Elon Musk's private rocket company, SpaceX, is attempting to revolutionize space travel (and how much it costs) by landing the first stage of its Falcon 9 rocket back on the Earth safely. From space. Upright. Onto a floating ocean barge.
This way, the rocket can then be refueled and used again right away. At least that's how it's supposed to work.
Accomplishing crazy new things usually means getting it wrong a few times first. Following a previous upright landing attempt in January that ended in a crash landing, SpaceX attemped an upright ocean landing once again yesterday. Unfortunately, as with the previous effort, this one didn't quite go off according to plan either. As Musk tweeted:— Elon Musk (@elonmusk)
And there's even some footage of the close-but-no-cigar landing:
The Next Steps
If the SpaceX team is able to perfect this reduce, reuse, and recycle method (let's go positive and say once SpaceX perfects this method), it will change how humanity gets to space.
Sending stuff (be it cargo, robots, or humans) into space is an expensive endeavor that has—until quite recently—been the sole purview of first-world nations. Much of this colossal cost is associated with building the giant, first-stage rockets, which have traditionally been treated as disposable, one-and-done deals. After punching a hole in the sky, they fall back to Earth and burn up in the atmosphere. By design. Every new space mission meant constructing whole new rockets from scratch. And that can get super expensive.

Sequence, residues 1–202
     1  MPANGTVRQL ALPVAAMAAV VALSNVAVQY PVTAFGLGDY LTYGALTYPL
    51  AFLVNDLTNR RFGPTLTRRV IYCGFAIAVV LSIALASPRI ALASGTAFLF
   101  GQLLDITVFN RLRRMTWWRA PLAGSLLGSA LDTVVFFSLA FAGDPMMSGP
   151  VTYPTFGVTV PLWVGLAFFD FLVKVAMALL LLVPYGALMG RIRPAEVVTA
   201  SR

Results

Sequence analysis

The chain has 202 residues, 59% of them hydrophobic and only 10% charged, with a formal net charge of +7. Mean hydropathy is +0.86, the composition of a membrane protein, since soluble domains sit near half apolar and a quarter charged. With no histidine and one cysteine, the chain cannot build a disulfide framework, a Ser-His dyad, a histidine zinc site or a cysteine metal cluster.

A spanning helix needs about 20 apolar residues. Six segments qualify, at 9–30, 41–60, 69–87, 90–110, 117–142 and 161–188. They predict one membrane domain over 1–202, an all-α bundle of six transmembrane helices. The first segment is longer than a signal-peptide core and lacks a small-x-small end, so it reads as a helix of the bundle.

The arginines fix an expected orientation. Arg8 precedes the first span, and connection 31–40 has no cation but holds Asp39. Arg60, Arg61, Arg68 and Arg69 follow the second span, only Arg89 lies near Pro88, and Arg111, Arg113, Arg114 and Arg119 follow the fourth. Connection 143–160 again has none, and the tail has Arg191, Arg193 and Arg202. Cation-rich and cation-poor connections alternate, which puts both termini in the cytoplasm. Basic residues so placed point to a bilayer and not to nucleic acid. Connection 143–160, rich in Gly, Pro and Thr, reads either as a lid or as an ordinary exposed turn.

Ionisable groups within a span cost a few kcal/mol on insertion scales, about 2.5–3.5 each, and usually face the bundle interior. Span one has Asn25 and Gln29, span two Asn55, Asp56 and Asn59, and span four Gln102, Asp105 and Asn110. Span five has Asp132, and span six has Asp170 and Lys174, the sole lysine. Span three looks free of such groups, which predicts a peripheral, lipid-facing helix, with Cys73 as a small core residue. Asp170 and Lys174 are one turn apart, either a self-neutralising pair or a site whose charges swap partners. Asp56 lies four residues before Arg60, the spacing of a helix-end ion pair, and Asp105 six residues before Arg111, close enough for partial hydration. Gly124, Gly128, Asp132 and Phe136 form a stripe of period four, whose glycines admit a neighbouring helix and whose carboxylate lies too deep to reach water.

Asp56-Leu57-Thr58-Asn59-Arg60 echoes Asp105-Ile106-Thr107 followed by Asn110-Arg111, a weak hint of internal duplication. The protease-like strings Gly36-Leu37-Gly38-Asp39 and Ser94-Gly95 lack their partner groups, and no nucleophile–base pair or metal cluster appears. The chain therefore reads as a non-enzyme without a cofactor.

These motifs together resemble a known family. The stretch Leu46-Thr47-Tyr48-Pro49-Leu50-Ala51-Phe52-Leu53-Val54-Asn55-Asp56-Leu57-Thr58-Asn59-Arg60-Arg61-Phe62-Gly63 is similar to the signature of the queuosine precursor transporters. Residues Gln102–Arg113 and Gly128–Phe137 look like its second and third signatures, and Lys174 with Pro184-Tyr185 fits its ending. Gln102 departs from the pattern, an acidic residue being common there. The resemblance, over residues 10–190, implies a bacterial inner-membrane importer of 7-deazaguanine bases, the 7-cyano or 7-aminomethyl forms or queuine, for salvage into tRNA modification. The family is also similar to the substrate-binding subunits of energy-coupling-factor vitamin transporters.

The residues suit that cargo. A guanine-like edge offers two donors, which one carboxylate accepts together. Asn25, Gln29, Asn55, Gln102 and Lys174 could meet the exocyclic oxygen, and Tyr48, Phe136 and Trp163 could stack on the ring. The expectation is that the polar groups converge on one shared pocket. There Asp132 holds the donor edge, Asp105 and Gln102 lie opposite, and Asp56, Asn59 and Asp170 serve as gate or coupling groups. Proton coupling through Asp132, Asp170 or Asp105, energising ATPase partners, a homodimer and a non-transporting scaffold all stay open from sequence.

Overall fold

SpaceX hopes to re-work this costly and wasteful system by creating a first-stage rocket that will return to Earth safely in one piece, thus making it reusable in short order. And making the price of a ticket to space far more approachable.
But first the methodology has to be perfected. Last year, SpaceX successfully demonstrated the ability to land a rocket upright into the ocean. This year, the company is attempting to land the rocket upright on a gigantic floating unmanned barge. Eventually, the company hopes to land the rockets back near the land-based launchpad from which it came.
But this latest crash actually seems to have turned out a lot better (i.e. less explode-y) than the previous crash landing attempt in January, which caused this (actually very cool) footage:
The company has vowed to make numerous attempts at getting the upright landing right before the end of the year. A post on the official SpaceX blog says "SpaceX's next landing and recovery attempt will occur during the CRS-7 mission, currently targeted for June 2015." If it happens, Musk has some big plans (see below). Good luck, space people!
If this works, I'm treating myself to a volcano lair. It's time.— Elon Musk (@elonmusk)
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